My Bravura journey began in January 2018 in the Melbourne office in Australia, where I joined as a Business Consultant with a background in Australian Superannuation, insurance, and business process automation utilising Business Process Management (BPM) workflow tools.

After a year and a half of working with Bravura’s wealth management and life insurance software solution, Sonata, I was promoted to Senior Business Consultant and selected for a two-year secondment opportunity in EMEA (Europe, Middle East and Africa region) where I was based in the Edinburgh office in Scotland. Working in EMEA, I was able to apply the experience and skills that I gained in APAC (Asia-Pacific) and work on different and exciting client transformation projects.

A few months after relocating, exploring, and tasting the local Edinburgh delicacies (Haggis, Neeps and Tatties), the first lockdown began and so working remotely became the new normal and meant any travel adventures were put on hold. Luckily, the people I was working with on the projects I was assigned to kept the entertainment and fun factor alive and the work itself continued to be demanding and fast-paced, which made this time easier to get through. After completing just over two years in the Edinburgh office I then relocated to the London office in England.

Having the opportunity to travel and take part in Bravura’s secondment offering has been very rewarding and has provided me with the opportunity to form new connections with people across the business, navigate change and uncertainty, understand the business better, apply existing skills, develop new skills, and explore different parts of the world.

In my role as a Senior Business Consultant, I’m focused on solving complex problems utilising Bravura’s Sonata, Orchestrator and Stanza microservice products to transform and harmonise business processes and operations to assist with the delivery of our client’s goals and strategic objectives. It’s rewarding to take manual, time consuming and even complex tasks and automate these to see the business value this brings to our clients through increased productivity, reduce costs, and improved audit and control. Each day is challenging and different but also rewarding to work with some very talented people.

In addition to my day-to-day role, I am a founding member of the LGBT+ inclusivity network within Bravura called bYou. This network aims to make everybody feel valued, welcome, and confident in being who they are and empowered to bring their best self to work without fear of discrimination or prejudice.

How is the LGBT+ initiative supporting and growing people’s confidence within the business?

To support this, the network has several initiatives around the business to enhance what we can to celebrate our diversity. An integral part of this is a group of people that can provide support, whether this is on a confidential or anonymous basis.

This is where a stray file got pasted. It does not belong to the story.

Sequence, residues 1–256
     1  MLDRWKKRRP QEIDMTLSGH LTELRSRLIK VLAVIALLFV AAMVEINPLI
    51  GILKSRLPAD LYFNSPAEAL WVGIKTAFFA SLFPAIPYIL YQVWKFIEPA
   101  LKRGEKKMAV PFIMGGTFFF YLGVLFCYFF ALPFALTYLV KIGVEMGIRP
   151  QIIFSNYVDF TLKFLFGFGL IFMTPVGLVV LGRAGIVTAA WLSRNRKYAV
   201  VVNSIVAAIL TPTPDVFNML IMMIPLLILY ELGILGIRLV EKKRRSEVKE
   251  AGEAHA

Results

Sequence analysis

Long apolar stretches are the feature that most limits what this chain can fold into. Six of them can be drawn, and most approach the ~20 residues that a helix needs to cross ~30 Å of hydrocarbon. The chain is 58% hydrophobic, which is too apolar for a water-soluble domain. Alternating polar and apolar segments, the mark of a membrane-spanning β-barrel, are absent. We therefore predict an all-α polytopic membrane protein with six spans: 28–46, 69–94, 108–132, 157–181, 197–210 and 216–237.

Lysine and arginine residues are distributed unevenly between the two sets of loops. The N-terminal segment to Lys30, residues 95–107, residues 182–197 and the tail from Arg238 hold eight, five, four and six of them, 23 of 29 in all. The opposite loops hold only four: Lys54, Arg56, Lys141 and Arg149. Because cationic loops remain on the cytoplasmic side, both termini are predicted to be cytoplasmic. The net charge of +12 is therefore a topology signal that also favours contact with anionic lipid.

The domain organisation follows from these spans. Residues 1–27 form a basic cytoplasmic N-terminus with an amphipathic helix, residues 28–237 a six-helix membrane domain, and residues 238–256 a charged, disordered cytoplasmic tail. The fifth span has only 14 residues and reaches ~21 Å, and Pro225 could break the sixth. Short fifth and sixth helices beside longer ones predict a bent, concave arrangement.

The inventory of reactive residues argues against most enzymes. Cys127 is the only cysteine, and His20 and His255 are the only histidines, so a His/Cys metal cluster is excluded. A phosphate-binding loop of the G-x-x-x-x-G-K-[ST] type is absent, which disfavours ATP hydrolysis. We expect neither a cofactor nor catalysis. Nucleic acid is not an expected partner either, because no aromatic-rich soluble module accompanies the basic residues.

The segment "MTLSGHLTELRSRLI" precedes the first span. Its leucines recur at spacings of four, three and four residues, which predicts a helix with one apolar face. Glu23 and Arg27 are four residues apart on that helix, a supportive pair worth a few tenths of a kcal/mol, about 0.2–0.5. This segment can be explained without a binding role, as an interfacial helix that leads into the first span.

Within the network we have three core aims:

  1. To improve the visibility of LGBT+ people across the organisation.
  2. To remove general biases and assumptions that people might make.
  3. To introduce better health and wellbeing across the organisation for LGBT+ people whether they are at work or in the home space, irrespective of which company or territory they are in. 

What does the future look like to you with the progress Jonathan Hawkins and the LGBT+ community are making?

I’m proud to work for a company that has made LGBT+ issues and wellbeing a priority. Establishing the bYou network has enabled Bravura to break down barriers and connect people to celebrate difference – transform the experiences of LGBT+ people in the workplace and assist with enabling our people to function at their best.

The LGBT+ network within Bravura is providing a safe space for everyone to feel less alone, support each other, encourage everyone to grow in confidence, promote a deeper understanding of LGBT+ inclusion and making LGBT+ experiences more visible throughout the business. Through creating this supportive community, the bYou network will continue to address key issues that impact LGBT+ people, help shape attitudes, challenge discrimination, encourage all employees to step up as allies, and develop a workplace where everyone feels valued – enabling everyone to feel that they can be themselves at work. In doing all these things, this will continue to position Bravura as a highly regarded and relevant employer of choice.

What importance does Pride Month have to you?

Pride Month is a very important month and when I think about what it means to me, I often think back to when I was coming out to myself during university life and how I felt that I was the only person having to deal with this. I was scared and felt so alone – I didn’t feel as though there was anybody else out there. If I had the ability, I wish I could go back in time and tell myself that everything would be ok and that it really does get better. Today, it’s wonderful to see so many organisations, from large global companies through to smaller start-ups, as well as individuals standing up and openly sharing their stories and showing support for the LGBT+ community. I wish I had seen this when I was younger as I would have welcomed this positive representation. Being seen, heard, and observing people telling their stories, especially during Pride Month, is a great way to raise awareness and increase visibility. Without this, it can be difficult for people who may be struggling to be what they can’t see.

When I was younger, whilst reading and listening to other people’s LGBT+ journeys, stories, and experiences I had an eye-opening moment where I realised how many times I chose to sometimes lie or deny my own situation. I was in a relationship but on many occasions decided to not share this or if I did, I’d go along with other people’s assumptions that I was in a relationship with the opposite gender because I wasn’t sure that the people I was interacting with would react positively. In the work environment this can sometimes feel more tough because you may have to work with these people every day and worry that your career prospects at the company may be hindered if you be yourself as people may not accept who you are.